I always liked Dynaslug and Slushmatic ...Slow and steady certainly has its advantages just ask Barry White (rip) but not for winning races except for reptiles vs rodents of course

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As Jim says "love that Dynaflow hum."  Gotta' say that driving my 63 is like driving a cloud.

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1 minute ago, RivNut said:

As Jim says "love that Dynaflow hum."  Gotta' say that driving my 63 is like driving a cloud.

As Zappa says, it's "Dinah-Moe humm". ;) 

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Just now, KongaMan said:

As Zappa says, it's "Dinah-Moe humm". ;) 

Wasn't going to touch that one with a ten foot pole. 

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3 hours ago, JudyD said:

Tempting! But whatever happened to "slow and steady wins the race"?

Actually I don't mind the sluggishness, just wanted to make sure it wasn't slower than it was supposed to be. You know.. a sign of a bigger problem.  

Having always heard the Dynaflow called Dynaslow...I thought I knew what to expect when driving one...and yet it was still a bit of a surprise. 

 

 I believe most of those using the "Dynaslow " and "Dynaslug" have never driven one.  I had a 1950 Super Convertible in 1955.  I never had a problem staying with normal traffic at traffic lights.  Or top speed.  Using L to start, could give a pretty good account of myself.  A big part of the "slow" is perception.  We hear it, but don't hear it wind up and change as does Hydramatic. And if one holds the engine RPM down to the way today's engines sound, One loses a lot.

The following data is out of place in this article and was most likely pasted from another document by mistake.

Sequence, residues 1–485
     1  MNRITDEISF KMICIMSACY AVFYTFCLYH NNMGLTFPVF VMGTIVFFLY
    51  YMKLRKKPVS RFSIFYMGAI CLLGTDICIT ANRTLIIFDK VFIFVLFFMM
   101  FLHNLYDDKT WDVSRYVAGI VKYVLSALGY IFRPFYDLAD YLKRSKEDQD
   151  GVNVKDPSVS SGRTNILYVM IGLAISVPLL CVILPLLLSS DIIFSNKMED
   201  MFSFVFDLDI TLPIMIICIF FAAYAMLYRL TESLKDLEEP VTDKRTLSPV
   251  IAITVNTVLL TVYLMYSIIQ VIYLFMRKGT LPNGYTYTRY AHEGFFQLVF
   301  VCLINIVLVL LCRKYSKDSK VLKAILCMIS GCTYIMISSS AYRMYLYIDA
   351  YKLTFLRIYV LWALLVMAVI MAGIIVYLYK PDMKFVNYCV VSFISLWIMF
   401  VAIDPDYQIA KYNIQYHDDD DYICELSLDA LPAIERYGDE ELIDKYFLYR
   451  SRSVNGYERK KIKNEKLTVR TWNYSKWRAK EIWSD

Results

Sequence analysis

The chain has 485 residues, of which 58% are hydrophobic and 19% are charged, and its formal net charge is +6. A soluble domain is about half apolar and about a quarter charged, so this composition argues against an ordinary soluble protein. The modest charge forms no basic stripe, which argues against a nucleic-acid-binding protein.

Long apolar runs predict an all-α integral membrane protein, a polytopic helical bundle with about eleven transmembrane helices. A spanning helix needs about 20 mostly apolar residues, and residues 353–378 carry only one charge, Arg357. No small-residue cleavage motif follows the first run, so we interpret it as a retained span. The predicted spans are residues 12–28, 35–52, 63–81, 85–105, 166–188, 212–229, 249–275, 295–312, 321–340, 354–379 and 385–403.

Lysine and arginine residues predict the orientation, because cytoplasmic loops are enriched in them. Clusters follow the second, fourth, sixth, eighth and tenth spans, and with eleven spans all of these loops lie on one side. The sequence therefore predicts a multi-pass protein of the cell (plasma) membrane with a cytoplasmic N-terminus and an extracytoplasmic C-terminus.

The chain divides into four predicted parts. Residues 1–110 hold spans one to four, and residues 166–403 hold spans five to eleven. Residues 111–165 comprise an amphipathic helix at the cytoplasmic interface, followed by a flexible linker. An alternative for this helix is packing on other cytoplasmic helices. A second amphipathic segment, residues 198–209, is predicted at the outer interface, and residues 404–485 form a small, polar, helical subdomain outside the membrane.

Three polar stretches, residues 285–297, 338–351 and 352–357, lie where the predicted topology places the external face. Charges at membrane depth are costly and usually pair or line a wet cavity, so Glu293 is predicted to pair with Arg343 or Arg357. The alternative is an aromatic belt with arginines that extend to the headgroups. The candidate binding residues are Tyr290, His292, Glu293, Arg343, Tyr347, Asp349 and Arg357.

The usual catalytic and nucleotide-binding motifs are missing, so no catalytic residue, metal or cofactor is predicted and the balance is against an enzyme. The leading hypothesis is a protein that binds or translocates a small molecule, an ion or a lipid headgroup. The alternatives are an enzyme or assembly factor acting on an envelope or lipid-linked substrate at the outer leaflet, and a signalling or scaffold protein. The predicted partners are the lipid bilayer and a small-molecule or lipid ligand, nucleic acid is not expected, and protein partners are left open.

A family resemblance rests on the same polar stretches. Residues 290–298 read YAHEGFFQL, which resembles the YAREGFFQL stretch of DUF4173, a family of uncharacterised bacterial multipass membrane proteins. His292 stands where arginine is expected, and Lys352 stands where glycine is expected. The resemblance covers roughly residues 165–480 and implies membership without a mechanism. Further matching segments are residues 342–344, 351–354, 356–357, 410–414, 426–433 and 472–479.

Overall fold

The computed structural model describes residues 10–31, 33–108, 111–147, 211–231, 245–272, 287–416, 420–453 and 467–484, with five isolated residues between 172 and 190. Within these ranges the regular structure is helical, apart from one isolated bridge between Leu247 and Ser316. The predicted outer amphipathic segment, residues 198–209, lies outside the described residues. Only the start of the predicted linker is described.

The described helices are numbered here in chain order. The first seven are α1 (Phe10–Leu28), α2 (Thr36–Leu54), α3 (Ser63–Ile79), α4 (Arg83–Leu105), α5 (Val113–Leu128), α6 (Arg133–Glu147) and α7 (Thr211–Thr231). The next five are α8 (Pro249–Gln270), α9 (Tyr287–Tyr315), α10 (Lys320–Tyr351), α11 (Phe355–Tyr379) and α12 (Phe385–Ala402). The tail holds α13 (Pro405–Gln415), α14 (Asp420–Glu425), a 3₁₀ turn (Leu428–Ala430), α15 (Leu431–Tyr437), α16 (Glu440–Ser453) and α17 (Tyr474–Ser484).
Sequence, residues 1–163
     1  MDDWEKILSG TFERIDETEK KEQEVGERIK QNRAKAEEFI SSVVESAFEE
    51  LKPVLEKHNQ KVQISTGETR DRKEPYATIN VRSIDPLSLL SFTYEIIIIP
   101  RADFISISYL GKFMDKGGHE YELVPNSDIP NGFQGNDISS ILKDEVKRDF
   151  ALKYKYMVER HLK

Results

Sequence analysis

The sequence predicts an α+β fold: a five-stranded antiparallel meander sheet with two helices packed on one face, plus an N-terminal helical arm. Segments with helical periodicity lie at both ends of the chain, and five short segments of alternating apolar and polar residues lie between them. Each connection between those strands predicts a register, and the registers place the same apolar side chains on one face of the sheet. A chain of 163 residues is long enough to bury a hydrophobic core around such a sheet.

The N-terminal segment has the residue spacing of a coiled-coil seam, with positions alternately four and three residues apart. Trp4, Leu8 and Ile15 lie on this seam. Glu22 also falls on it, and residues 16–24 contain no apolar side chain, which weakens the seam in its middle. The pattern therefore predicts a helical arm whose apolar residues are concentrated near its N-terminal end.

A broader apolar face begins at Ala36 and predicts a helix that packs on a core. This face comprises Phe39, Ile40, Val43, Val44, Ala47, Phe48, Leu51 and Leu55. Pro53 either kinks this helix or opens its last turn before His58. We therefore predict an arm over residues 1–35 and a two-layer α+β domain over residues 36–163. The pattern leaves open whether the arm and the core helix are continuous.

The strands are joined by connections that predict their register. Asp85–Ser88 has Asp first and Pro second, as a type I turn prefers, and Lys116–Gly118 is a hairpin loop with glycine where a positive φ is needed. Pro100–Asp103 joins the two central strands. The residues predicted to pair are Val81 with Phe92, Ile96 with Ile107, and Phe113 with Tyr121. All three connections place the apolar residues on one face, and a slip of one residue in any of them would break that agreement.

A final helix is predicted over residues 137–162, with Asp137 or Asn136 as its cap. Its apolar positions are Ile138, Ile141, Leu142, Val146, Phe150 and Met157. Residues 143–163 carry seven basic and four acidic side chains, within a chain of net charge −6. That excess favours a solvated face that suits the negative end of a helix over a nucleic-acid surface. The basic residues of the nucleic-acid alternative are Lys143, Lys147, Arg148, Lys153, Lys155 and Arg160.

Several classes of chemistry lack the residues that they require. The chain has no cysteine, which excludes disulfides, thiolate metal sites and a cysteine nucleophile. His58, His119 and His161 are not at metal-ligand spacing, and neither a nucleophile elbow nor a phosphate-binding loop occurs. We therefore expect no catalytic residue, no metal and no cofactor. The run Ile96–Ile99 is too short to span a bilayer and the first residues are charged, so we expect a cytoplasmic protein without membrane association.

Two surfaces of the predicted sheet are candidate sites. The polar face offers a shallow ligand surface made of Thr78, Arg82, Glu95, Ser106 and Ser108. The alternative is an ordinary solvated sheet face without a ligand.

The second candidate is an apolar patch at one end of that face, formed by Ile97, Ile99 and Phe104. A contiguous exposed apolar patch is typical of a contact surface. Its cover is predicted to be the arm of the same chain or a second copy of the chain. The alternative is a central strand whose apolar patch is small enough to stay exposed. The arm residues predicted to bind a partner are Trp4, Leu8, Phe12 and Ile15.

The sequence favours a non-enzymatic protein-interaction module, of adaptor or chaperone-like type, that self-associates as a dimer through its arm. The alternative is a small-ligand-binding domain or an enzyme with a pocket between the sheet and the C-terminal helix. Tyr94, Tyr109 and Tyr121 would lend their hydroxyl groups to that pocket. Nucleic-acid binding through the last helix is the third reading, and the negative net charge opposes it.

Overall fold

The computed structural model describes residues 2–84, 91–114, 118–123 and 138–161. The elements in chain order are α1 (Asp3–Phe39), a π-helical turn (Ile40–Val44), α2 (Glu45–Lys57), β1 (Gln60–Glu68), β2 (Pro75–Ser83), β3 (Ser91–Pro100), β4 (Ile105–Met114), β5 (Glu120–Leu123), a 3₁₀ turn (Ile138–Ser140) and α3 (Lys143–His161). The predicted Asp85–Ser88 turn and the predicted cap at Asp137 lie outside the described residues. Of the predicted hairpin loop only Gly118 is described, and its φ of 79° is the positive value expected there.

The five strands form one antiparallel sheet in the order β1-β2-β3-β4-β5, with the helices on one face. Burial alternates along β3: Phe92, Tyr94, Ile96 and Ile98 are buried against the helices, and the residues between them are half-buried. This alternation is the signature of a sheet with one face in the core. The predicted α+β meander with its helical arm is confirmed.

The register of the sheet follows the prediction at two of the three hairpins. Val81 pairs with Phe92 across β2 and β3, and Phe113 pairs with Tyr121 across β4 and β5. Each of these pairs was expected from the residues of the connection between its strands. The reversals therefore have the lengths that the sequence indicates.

Try this.  Try being first in either lane at a stop light.  Watch for another person near your own age, in a newer car,  stopped beside you. On green , put your foot down!  You might be surprised.

 

  Ben

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I have pretty good experience working on and driving Tom Pirrung's Buick from the Buffalo area.

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It accelerates briskly, if that is a good term. I never felt a lack of power or sluggishness at all. I took a street rodder friend out in the car to specifically show him how well it performed. At the time I had freshly tuned the car and temperatures were in the 85-90 range (no hint of vapor lock).

When his car came in the ignition breaker plate was sticking due to a lack of lubricant on the cork pad. I matched his AC plugs to some NGK that worked fine.

I would do a thorough check of all the timing functions. I would also make real sure the brakes were not dragging.

My '60 Electra is a Triple Turbine Dynaflow and lacks no performance in the transmission. It is fast enough to make Scott Heise, from the Buick Club, giggle when I put my foot into it from a stop.

 

Check the advance mechanism in the distributor, look for mud in the wheel cylinders, and 70 year old brake return springs.

Bernie